Similarly, Pavel V. Lukin (Brotherhood and Communalism in Medieval Novgorod) showes that various ceremonies such as kissing the cross, feasts, and elections made citizens into a brotherhood.

Cordelia Heß (Semantics of Conflict in Fourteenth-Century Lübeck) challenges central concepts of the Anderson thesis in an interesting reading of the 1385 Knochenhaueraufstand in Detmar's Chronicle. As usual, the elite prevail over the poorly-organized commoners.

The last section was The Baltic Rim: A View From Afar. This takes us beyond the horizon seen by traditional scholars.

Bjørn Bandlien (Scandinavian Perceptions of the Russians, Late Twelfth - Early Fourteenth Centuries) notes that Scandinavians originally saw Russians as fellow Christians, not as enemies; the Norwegians held to this view because they had a common foe in Finnish pagans; the Swedes, however, became hostile in the crusading era because Novgorod was protecting its tribute-paying pagans.

Hans Jacob Orning (The Baltic Viewed from Northern Iceland in the Mid-Fifteenth Century) presented an interesting study of what societal values and geographic information can be found in obscure sagas.

The book concludes with an Afterword by Barbara Rosenwein (Imagined Emotions for Imagined Communities), who had inspired the conferences. She notes, how often, surprisingly, the essays reflected on emotions, a theme that Anderson had not stressed.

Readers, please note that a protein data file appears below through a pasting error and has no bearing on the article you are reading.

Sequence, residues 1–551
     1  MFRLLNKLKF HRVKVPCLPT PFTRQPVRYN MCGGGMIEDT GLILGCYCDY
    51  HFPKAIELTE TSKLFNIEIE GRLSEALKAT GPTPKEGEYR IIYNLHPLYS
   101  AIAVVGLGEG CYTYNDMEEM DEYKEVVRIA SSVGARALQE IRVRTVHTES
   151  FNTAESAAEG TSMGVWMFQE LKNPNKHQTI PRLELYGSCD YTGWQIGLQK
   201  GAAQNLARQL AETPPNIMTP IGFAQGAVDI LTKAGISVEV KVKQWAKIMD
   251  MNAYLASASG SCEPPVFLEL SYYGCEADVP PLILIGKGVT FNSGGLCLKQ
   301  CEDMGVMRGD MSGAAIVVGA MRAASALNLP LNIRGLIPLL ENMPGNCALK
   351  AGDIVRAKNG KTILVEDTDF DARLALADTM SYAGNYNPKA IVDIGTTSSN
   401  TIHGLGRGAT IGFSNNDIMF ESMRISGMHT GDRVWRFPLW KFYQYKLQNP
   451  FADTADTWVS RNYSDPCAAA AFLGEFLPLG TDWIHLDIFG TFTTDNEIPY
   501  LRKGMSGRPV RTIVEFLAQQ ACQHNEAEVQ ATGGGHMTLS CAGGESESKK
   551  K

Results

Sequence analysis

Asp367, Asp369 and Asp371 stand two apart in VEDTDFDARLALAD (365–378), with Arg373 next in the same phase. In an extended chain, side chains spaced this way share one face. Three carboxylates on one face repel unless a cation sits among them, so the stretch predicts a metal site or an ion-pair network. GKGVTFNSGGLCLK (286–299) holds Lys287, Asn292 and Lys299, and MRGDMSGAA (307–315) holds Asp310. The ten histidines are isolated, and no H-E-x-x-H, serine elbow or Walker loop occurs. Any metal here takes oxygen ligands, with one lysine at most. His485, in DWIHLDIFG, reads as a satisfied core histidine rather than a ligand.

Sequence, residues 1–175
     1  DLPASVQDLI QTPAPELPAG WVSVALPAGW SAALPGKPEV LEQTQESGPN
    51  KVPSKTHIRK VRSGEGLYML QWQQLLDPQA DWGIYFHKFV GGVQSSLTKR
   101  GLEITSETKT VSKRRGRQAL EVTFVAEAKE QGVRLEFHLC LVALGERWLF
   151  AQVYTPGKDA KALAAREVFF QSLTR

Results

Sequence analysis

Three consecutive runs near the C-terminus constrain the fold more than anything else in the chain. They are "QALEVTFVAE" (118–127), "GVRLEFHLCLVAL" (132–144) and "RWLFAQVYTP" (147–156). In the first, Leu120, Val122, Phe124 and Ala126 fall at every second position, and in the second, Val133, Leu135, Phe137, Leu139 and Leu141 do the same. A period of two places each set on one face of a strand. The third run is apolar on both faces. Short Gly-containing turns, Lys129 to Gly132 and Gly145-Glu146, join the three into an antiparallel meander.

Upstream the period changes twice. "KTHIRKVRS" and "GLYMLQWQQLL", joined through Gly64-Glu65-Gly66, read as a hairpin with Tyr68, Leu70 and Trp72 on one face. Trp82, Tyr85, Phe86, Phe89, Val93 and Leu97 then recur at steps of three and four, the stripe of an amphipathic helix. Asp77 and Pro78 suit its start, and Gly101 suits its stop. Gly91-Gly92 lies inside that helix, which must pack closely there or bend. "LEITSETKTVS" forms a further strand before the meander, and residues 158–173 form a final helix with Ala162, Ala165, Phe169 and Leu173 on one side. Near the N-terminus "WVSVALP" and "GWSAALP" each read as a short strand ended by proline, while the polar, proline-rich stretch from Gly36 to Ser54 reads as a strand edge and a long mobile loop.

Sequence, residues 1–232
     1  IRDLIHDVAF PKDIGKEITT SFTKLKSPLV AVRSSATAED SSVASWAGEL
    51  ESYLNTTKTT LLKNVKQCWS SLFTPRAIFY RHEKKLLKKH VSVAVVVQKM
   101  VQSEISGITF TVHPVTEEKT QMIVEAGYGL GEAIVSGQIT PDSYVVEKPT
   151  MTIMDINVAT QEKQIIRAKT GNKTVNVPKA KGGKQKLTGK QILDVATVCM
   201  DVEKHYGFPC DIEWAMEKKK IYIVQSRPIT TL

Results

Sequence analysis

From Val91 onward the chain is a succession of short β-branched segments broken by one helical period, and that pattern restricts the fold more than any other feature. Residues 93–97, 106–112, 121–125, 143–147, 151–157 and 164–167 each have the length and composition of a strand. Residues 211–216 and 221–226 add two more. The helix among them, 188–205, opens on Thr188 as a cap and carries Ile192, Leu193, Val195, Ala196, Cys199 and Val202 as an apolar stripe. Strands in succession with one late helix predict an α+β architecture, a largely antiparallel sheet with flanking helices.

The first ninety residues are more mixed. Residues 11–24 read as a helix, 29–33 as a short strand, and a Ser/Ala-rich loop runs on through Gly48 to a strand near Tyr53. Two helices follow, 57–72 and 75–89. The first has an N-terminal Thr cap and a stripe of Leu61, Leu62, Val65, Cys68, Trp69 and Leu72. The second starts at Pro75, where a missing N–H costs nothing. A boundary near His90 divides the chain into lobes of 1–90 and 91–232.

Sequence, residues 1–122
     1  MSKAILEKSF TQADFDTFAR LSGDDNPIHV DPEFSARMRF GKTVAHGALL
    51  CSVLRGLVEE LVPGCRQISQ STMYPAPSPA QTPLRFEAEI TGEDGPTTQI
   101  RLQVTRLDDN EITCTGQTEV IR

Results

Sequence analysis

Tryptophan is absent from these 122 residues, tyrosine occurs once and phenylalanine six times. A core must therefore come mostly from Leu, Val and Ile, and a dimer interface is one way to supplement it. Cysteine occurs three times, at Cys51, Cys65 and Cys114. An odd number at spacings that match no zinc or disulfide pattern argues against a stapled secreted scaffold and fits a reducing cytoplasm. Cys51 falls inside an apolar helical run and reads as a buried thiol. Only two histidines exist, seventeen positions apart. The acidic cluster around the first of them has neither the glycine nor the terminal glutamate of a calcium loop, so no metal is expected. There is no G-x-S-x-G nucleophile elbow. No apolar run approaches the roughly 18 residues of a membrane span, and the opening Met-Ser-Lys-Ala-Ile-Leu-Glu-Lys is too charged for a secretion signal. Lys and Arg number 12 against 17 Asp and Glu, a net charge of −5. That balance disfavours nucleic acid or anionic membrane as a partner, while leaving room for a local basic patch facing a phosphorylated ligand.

There is much worth thinking about in this collection. While many of the essays could have been written without the need to fit them into the Anderson framework, what is important is that the requirement to state one's ideas in another format often results in new insights. New Imaginations, the organizers of this book would say.

For this reason research libraries should buy this book. It is too esoteric and too expensive for the average scholar, but it is too important to ignore. It is beautifully done, with a handsome cover, a stylistically unified text in good English, and carefully edited.

Anderson passed away in 2015. Although this book was not intended as a memorial to his life and work, it is a testimony to what he had achieved.

William L. Urban